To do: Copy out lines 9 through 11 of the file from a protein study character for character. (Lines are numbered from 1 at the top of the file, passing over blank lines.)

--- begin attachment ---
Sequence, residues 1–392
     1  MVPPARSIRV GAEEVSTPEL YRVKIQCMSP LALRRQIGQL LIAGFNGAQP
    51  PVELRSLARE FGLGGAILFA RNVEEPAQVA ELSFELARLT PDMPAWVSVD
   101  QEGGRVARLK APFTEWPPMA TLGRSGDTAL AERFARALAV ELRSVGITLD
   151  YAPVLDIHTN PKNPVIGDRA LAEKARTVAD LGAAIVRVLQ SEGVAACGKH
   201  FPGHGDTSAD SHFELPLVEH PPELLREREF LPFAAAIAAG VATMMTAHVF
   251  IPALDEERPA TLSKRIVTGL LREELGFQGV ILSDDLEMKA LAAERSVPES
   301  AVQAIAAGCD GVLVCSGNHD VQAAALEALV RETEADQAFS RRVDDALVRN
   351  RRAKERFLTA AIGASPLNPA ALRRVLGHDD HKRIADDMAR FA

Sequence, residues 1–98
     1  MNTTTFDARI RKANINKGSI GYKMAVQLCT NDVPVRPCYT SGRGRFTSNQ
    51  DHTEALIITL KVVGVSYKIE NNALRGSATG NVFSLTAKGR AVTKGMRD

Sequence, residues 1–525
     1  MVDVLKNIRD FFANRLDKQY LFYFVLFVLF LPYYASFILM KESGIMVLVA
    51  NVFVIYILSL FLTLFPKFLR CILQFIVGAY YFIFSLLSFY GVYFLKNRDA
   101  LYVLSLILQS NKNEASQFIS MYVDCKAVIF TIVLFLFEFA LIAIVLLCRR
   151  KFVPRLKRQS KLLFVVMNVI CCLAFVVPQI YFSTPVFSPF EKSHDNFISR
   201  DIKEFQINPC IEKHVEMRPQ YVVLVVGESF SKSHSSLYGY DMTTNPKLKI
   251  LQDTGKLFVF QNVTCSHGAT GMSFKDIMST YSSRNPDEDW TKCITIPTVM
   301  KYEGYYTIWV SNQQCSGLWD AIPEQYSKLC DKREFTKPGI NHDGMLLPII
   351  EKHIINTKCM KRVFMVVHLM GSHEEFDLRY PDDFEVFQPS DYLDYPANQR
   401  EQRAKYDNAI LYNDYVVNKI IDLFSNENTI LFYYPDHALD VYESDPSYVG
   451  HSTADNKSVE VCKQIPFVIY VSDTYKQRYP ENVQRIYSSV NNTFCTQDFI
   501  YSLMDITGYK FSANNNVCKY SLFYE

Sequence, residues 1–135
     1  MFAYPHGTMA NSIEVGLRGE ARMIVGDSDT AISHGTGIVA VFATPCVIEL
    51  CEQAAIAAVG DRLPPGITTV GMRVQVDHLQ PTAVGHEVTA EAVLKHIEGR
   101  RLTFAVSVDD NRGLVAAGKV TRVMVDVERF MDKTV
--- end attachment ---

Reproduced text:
   351  RRAKERFLTA AIGASPLNPA ALRRVLGHDD HKRIADDMAR FA

Sequence, residues 1–98
     1  MNTTTFDARI RKANINKGSI GYKMAVQLCT NDVPVRPCYT SGRGRFTSNQ